What percentage of pre-retirement income do your clients want to spend in retirement?
The so-called income replacement rate concept is often the first step in estimating a retirement savings plan. A 2012 Aon Hewett study suggested that retirees should try to replace 85% of their income during the first year of retirement. Many advisors take an 80% or 85% number for granted. If you earned $100,000 right before retirement, you’ll need an income of $85,000 to avoid cutting back during your golden years. But can one number really be right for all retirees? And does an 80% rule of thumb even make sense?
Let’s review the first assumption of the 80% replacement rate. People generally want to spend the same amount after retirement as they did before retirement. They don’t want to experience what economists call a “consumption discontinuity” after they retire, which is a fancy way of saying that they spend less.
I think that there are some important reasons why we might use the 80% rule. It’s easy, for one. Just multiply a nice simple fraction by your income. Second, and related to the first, it’s kind of hard to actually figure out how much a household needs in order to match their spending after retirement. The third is that it’s a generally conservative number that encourages workers to save a lot more during their working years.
Saving more is good, right? To an economist, this isn’t such an easy call. Every dollar that you save during working years has a tradeoff — it’s a dollar that you could have spent on home improvements, a family vacation, eating out, or a newer car. If you’re giving up a family vacation at age 35 when money is tight in order to buy a vacation at age 75 when you may have a higher income, are you getting the most out of life?
Economists following a life-cycle framework note that income is often at a peak right before retirement. In other words, families tend to be earning less in their 30s and 40s than they do in their 50s and 60s. A household that was a utility maximizing robot would smooth spending over all these years to avoid living it up in one life stage while living in poverty in another.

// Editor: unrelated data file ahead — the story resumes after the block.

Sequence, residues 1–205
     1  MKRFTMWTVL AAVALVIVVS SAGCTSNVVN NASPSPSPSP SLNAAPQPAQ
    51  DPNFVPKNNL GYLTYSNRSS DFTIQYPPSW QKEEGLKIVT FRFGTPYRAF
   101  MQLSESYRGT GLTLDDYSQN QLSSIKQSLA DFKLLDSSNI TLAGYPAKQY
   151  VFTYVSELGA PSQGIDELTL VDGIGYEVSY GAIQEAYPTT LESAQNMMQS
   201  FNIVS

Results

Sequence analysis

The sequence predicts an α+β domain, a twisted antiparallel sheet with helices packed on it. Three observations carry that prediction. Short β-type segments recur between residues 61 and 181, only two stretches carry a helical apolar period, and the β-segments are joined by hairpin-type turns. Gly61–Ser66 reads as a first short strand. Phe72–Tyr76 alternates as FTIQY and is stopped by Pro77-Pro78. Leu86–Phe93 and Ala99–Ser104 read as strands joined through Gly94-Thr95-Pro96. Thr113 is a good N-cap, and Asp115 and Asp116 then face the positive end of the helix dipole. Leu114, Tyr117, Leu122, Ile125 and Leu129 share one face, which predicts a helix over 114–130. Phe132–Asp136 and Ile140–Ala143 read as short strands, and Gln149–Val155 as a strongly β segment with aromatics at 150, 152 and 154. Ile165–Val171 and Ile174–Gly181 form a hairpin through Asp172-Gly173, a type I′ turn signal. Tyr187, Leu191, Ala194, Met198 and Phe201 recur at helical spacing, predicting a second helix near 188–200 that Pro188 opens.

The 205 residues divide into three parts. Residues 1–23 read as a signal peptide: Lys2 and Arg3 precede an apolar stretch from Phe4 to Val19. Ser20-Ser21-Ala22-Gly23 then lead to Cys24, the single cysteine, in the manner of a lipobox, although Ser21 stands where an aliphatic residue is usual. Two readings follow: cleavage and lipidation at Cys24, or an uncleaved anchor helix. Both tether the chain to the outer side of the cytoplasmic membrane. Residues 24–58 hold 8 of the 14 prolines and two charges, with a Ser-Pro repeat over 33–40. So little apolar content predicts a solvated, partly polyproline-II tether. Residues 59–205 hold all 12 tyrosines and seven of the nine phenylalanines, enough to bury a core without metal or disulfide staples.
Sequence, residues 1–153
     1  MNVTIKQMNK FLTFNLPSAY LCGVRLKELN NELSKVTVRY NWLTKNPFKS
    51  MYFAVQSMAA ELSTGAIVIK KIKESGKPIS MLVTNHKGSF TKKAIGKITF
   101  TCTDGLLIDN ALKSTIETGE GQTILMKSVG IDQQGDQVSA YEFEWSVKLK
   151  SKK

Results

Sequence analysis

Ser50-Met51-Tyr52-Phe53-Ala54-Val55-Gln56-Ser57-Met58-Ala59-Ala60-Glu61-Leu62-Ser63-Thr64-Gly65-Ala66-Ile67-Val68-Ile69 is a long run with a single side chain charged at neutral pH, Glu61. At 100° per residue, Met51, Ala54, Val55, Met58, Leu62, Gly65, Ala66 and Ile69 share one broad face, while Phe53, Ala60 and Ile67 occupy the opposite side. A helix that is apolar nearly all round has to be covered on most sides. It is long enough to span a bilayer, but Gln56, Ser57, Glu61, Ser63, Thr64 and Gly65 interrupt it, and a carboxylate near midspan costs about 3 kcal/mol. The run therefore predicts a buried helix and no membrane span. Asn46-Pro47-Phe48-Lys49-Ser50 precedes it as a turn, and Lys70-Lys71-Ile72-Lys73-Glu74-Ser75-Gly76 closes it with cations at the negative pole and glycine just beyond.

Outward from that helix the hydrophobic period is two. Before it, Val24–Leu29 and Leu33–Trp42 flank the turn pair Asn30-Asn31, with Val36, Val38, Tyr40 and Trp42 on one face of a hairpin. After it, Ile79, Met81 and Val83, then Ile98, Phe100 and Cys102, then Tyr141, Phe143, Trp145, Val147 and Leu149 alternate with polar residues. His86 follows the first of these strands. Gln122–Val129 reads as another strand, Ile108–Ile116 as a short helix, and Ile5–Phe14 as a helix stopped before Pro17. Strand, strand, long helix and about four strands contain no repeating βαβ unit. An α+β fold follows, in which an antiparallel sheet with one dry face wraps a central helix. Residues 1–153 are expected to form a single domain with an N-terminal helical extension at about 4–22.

Ideally, we’ll want to spend about the same each year before and after retirement. For example, if we made $50,000 (inflation-adjusted) each year between 30 and 50, and $70,000 each year between 50 and 70, a reasonably smooth lifetime income might be, say, $45,000. So we’ll save $5,000 each year early in life, $25,000 each year in middle age, and then continue spending $45,000 a year into retirement. If we peg the replacement rate at 80% of $70,000 then we’ll be spending $56,000 each year after retirement.
In other words, we’ll be living better after retirement than we did when we were raising a family in young adulthood. And don’t forget that we’re often chipping away at a mortgage early in life that allows us to enjoy rent-free housing in retirement.
But most of us would have a tough time following a life-cycle strategy. If we become professionally successful later in life, we may become accustomed to a higher level of spending that we want to maintain in retirement. Few clients are going to be happy taking a big hit to their standard of living. If they have the resources to hire an advisor, then they want to enjoy themselves in retirement.
What It Takes
What does it take to maintain a post-retirement lifestyle? Let’s review the basics. A worker contributes 7.65% of his or her paycheck to Social Security and Medicare (make that 15.3% if you’re self-employed). That’s money that was never even available for spending. And what if we were saving a bunch of money before retirement in order to meet our 80% (or 85%) replacement rate? That’s money we were never spending either. A worker saving 15% of income would then start out by subtracting this 15% and the 7.65% Social Security. Now we’re down to 77%. Of last year’s income. If we were using the economics methods of average lifetime income, we might be closer to 60% or even less.
But wait, there’s more. Retirees don’t have work-related commuting expenses; they have a higher standard deduction, plus subsidized Medicare health insurance (although many have subsidized health insurance during working years); and Social Security is taxed at a slightly lower rate. But most importantly, higher-income retirees may be in a much lower tax bracket after they start living off investments and 401(k) assets.